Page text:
If you’ve got a value like the following…
$s = @"
Here is: "Some data"
Here's "some other data"
this is "important" data
… that maybe came from the body of a file, was returned by some other part of a script, etc., and you just want the portions that are actually between the quotes, the quickest and easiest way to get it is through a regular expression match.
That’s right, forget splitting or trimming or doing other weird string manipulation stuff. Just use the [regex]::matches() feature of PowerShell to get your values.
Matches takes two parameters. 1. The value to look for matches in, in this case the here-string in my $s variable, and 2. The regular expression to be used for matching. Since Matches returns a few items, we are making sure to just select the value for each match.
So what is that regex doing? Let’s break it down into it’s parts.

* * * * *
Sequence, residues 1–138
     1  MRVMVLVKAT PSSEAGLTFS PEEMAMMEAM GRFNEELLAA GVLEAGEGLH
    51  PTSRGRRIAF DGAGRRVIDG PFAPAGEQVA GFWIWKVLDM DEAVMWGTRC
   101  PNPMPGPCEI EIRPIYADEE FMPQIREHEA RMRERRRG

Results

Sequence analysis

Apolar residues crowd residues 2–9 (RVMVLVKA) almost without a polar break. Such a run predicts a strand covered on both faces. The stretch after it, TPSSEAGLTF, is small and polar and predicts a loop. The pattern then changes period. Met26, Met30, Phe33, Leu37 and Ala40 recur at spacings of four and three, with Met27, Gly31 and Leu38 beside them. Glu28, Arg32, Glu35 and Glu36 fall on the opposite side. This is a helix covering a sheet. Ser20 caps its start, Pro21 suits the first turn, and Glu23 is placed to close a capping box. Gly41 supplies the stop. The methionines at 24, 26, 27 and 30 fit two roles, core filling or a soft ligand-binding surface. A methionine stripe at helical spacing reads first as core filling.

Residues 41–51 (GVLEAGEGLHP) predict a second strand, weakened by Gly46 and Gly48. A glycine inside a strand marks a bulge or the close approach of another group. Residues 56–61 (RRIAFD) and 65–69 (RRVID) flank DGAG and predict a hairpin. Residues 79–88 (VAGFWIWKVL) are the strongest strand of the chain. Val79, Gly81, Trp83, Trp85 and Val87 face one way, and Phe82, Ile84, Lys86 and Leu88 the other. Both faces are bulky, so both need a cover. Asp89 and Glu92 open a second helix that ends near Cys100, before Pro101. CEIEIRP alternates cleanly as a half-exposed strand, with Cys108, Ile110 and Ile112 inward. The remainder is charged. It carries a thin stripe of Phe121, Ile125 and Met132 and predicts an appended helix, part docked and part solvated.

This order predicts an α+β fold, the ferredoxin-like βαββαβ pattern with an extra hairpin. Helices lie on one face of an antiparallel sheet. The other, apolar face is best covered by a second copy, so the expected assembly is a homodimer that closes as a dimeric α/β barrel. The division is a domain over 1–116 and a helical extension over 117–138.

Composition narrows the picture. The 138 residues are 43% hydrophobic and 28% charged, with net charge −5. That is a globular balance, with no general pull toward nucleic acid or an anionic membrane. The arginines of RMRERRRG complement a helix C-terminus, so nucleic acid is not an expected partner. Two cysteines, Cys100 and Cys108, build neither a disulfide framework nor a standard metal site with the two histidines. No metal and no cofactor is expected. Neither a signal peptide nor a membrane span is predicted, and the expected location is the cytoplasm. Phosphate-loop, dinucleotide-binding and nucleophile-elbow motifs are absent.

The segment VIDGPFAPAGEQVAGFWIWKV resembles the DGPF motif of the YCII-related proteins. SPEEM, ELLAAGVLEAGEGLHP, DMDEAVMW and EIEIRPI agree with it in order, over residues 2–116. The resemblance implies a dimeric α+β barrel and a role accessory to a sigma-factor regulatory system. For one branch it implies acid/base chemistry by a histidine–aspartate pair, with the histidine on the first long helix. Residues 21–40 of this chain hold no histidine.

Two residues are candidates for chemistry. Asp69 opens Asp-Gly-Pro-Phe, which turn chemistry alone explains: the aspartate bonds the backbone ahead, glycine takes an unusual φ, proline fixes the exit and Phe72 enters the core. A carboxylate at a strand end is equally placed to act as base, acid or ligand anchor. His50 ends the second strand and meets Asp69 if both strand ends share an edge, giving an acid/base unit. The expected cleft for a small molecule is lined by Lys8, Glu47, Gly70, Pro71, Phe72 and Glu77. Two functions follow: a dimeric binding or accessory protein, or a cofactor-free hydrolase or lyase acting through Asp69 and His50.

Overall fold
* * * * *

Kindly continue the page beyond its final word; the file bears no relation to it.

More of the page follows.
- (?<=\”) this part is a look behind as specified by the ?<= part. In this case, whatever we are matching will come right after a quote. Doing the look behind prevents the quotation mark itself from actually being part of the matched value. Notice I have to escape the quotation mark character.
- .+? this part basically matches as many characters as it takes to get to whatever the next part of the regex is. Look into regex lazy mode vs greedy mode.
- (?=\”) this part is a look ahead as specified by the ?= part. We’re looking ahead for a quotation mark because whatever comes after our match is done will be a quotation mark.
So basically what we’ve got is “whatever comes after a quotation mark, and as much of that as you need until you get to another quotation mark”. Easy, right? Don’t you love regex?